y ( x ) = R ( ρ 2 , M 2 ) ( x - ρ 2 A 2 ( x , y ( x ) ) ) ,

is continuous on E.

Proof. The proof is similar to Theorem 3.2 and so the proof is omitted. This completes the proof. □

Theorem 3.4. Let E be a real q-uniformly smooth Banach space. Let M i : E → 2 E be m- accretive mapping, A i : E × EE be (μ i , ν i )-relaxed cocoercive and Lipschitz continuous in the first variable with constant τ i for i {1, 2}. If 1 - q ρ 2 ν 2 + q ρ 2 μ 2 τ 2 q + c q ρ 2 q τ 2 q 0 , and
0 i = 1 2 ( 1 - q ρ i ν i + q ρ i μ i τ i q + c q ρ i q τ i q ) < 1 .
(3.3)

Then the solutions set Ω of (SGQVI) is nonempty. Moreover, Ω is a singleton.

Proof. By Theorem 3.2, we define a mapping P: EE by
P ( x ) = R ( ρ 1 , M 1 ) ( y ( x ) - ρ 1 A 1 ( y ( x ) , x ) ) , y ( x ) = R ( ρ 2 , M 2 ) ( x - ρ 2 A 2 ( x , y ( x ) ) ) , x E .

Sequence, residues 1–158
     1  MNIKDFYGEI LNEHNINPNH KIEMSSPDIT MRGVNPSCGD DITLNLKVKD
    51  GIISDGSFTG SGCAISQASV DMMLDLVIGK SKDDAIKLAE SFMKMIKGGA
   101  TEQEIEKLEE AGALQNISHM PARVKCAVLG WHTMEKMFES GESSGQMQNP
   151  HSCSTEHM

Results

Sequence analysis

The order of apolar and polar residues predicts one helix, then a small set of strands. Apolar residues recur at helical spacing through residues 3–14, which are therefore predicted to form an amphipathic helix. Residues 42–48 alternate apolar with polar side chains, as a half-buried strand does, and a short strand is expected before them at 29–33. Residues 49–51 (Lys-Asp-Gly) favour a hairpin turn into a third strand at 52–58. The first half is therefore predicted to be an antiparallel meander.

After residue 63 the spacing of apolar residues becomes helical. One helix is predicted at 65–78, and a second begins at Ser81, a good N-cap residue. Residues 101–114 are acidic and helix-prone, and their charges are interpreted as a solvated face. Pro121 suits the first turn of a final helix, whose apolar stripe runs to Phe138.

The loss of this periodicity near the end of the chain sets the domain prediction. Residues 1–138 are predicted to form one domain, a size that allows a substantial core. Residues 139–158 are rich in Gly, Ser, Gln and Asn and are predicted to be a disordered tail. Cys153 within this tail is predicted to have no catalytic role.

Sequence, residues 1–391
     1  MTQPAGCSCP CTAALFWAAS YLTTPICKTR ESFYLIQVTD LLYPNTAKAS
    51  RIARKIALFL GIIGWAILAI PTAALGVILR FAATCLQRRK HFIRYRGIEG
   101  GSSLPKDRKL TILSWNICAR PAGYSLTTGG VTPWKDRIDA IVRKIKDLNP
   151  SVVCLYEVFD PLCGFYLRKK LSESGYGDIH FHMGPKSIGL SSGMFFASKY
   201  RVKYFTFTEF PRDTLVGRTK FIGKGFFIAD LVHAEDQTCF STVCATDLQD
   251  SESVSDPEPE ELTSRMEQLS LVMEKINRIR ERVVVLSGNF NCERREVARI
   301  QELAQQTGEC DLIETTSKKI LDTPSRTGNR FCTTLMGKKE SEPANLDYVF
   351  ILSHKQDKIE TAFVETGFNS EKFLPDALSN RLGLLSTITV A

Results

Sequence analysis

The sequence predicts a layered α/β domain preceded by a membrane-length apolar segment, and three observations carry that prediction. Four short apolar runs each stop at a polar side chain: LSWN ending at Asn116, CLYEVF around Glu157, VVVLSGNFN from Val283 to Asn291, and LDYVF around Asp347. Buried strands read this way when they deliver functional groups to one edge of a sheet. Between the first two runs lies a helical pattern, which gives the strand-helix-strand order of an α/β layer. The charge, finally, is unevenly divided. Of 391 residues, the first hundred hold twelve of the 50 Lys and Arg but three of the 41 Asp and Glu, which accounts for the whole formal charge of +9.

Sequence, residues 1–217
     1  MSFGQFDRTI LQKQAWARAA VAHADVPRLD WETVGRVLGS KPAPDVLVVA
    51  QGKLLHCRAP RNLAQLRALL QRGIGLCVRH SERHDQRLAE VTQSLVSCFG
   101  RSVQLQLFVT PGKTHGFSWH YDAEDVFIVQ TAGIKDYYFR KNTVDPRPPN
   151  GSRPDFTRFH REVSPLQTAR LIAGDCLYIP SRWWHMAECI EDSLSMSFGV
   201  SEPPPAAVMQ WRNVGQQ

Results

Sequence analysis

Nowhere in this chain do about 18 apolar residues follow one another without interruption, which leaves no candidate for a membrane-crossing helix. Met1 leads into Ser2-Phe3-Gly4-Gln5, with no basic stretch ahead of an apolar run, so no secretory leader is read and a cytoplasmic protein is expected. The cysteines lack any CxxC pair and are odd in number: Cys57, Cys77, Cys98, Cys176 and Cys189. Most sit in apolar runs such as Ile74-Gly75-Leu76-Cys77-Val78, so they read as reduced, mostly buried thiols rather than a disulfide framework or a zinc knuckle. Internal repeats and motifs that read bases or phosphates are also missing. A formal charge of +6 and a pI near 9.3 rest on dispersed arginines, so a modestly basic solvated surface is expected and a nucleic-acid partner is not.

Since A i : E × EE are (μ i , ν i )-relaxed cocoercive and Lipschitz continuous in the first variable with constant τ i for i {1, 2}, one has, for any x , x ̃ E ,
L 1 = | | A 1 ( y ( x ) , x ) - A 1 ( y ( x ̃ ) , x ̃ ) | | q (1) τ 1 q | | y ( x ) - y ( x ̃ ) | | q , (2) Q 1 = A 1 ( y ( x ) , x ) - A 1 ( y ( x ̃ ) , x ̃ ) , J q ( y ( x ) - y ( x ̃ ) ) (3) ( - μ 1 ) | | A 1 ( y ( x ) , x ) - A 1 ( y ( x ̃ ) , x ̃ ) | | q + ν 1 | | y ( x ) - y ( x ̃ ) | | q (4) ( - μ 1 τ 1 q + ν 1 ) | | y ( x ) - y ( x ̃ ) | | q , (5) L 2 = | | A 2 ( x , y ( x ) ) - A 2 ( x ̃ , y ( x ̃ ) ) | | q (6) τ 2 q | | x - x ̃ | | q , (7) (8)
and
Q 2 = A 2 ( x , y ( x ) ) - A 2 ( x ̃ , y ( x ̃ ) ) , J q ( x - x ̃ ) (1) ( - μ 2 ) | | A 2 ( x , y ( x ) ) - A 2 ( x ̃ , y ( x ̃ ) ) | | q + ν 2 | | x - x ̃ | | q (2) ( - μ 2 τ 2 q + ν 2 ) | | x - x ̃ | | q . (3) (4)
From both Lemma 2.1 and Theorem 3.1, we get